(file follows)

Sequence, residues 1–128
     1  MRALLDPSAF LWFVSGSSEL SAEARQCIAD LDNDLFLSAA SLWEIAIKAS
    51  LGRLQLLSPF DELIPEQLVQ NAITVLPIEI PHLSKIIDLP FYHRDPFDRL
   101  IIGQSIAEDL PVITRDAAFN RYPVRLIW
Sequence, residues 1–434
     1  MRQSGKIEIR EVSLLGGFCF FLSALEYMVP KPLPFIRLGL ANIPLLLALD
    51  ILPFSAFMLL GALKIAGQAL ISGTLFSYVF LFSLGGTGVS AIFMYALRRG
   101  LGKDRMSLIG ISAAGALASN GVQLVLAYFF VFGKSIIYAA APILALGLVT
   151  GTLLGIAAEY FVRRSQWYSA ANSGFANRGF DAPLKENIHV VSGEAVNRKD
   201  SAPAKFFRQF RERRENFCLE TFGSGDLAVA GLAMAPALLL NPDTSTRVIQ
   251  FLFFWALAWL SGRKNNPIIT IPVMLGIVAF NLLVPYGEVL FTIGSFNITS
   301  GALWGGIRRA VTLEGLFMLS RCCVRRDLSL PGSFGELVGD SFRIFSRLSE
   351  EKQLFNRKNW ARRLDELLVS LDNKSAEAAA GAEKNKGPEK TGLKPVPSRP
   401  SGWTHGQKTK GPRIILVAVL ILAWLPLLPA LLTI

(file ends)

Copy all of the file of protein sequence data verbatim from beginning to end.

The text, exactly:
Sequence, residues 1–128
     1  MRALLDPSAF LWFVSGSSEL SAEARQCIAD LDNDLFLSAA SLWEIAIKAS
    51  LGRLQLLSPF DELIPEQLVQ NAITVLPIEI PHLSKIIDLP FYHRDPFDRL
   101  IIGQSIAEDL PVITRDAAFN RYPVRLIW
Sequence, residues 1–434
     1  MRQSGKIEIR EVSLLGGFCF FLSALEYMVP KPLPFIRLGL ANIPLLLALD
    51  ILPFSAFMLL GALKIAGQAL ISGTLFSYVF LFSLGGTGVS AIFMYALRRG
   101  LGKDRMSLIG ISAAGALASN GVQLVLAYFF VFGKSIIYAA APILALGLVT
   151  GTLLGIAAEY FVRRSQWYSA ANSGFANRGF DAPLKENIHV VSGEAVNRKD
   201  SAPAKFFRQF RERRENFCLE TFGSGDLAVA GLAMAPALLL NPDTSTRVIQ
   251  FLFFWALAWL SGRKNNPIIT IPVMLGIVAF NLLVPYGEVL FTIGSFNITS
   301  GALWGGIRRA VTLEGLFMLS RCCVRRDLSL PGSFGELVGD SFRIFSRLSE
   351  EKQLFNRKNW ARRLDELLVS LDNKSAEAAA GAEKNKGPEK TGLKPVPSRP
   401  SGWTHGQKTK GPRIILVAVL ILAWLPLLPA LLTI